Top MEP considerations when designing for elevator systems
Designing multistory buildings requires architectural teams to carefully plan elevator systems that meet current safety standards as well as address the unique needs of the space. This whitepaper will discuss mechanical, electrical, plumbing, and fire protection considerations for designing a safe and efficient elevator system.
In recent years, there has been a growing trend toward architectural projects that focus on building upward instead of sprawling outward. When land is limited, particularly in urban areas, this is the most efficient use of space and resources. In Chicago alone, the number of active high-rise construction sites more than doubled (from 14 to 34) from October 2014 to January 2016.
Designing multistory buildings requires architectural teams to carefully plan elevator systems that meet current safety standards as well as address the unique needs of the space. This whitepaper will discuss mechanical, electrical, plumbing, and fire protection (MEP/FP) considerations for designing a safe and efficient elevator system.
Types of elevators
Hydraulic vs. traction elevators
When designing for an elevator system, it is important to first determine which type of elevator suits the project's needs. Hydraulic and traction elevators have different requirements and specifications, and building height is a major factor in which one is appropriate for a project.
Pumps that are generally 30 to 40 hp move hydraulic fluid under a piston to raise this type of elevator and then return fluid back into the tank to lower the elevator. Hydraulic elevators are advisable for shorter buildings, up to 5 stories. They also contain flammable liquid and must feature appropriate fire alarm and protection devices.
Traction elevators, on the other hand, are suspended by tensile cable and balanced by counterweights equal in weight to a half-loaded elevator. They are raised and lowered by moving the cable. Traction elevators are commonly installed in buildings that have more than 5 stories and use motors that are generally 15 to 20 hp.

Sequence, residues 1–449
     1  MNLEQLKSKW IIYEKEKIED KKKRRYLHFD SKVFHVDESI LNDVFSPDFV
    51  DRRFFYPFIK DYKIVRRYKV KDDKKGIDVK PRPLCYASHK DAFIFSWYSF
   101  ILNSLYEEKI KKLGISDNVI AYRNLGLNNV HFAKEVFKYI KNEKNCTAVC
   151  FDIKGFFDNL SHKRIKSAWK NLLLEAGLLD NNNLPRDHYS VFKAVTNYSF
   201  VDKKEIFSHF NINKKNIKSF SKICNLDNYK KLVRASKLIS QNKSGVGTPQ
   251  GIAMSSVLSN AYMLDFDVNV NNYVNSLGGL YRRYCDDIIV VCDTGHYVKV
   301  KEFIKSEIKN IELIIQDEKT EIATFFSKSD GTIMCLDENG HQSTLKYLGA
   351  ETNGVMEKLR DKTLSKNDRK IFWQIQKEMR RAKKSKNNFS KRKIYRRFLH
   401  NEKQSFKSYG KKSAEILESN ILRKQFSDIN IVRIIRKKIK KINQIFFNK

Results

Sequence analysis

Traction elevator machinery has traditionally been located in penthouse spaces above the elevator shaft; however, "machine roomless" elevators are now available for buildings up to 150 ft tall. This centralizes all machinery within the shaft, saving the client the cost of building a dedicated penthouse space.
Smoke control and pressurization
Modern buildings are designed to contain a fire to the location where it starts, and floor plates generally are rated to prevent movement of smoke and growth of a fire. For this reason, care must be taken with shafts that penetrate multiple floor levels, because they are susceptible to collecting smoke from a fire or transferring smoke from floor to floor.
Smoke control normally is operated automatically by the fire alarm system, but firefighters need the ability to override the system. Because of this, smoke control is required to be annunciated and manually operated from a firefighter's smoke control panel.
In the past, hoistway ventilation was the main approach to smoke control. When smoke was detected in an elevator shaft or lobby, vents in the top of the shaft would open to discharge smoke. Hoistway ventilation is becoming less preferable because it can exacerbate problems through stack effect, drawing smoky air from the fire floor through the shaft.
Pressurization is an alternative smoke control solution, which begins when a building's fire alarm system is activated. It works by positively pressurizing the hoistway and pushing air outward through any opening, avoiding smoke infiltration.
Emergency power is a primary concern in new building design, especially since high-rise buildings are becoming more commonplace, and they are simply not accessible without elevators.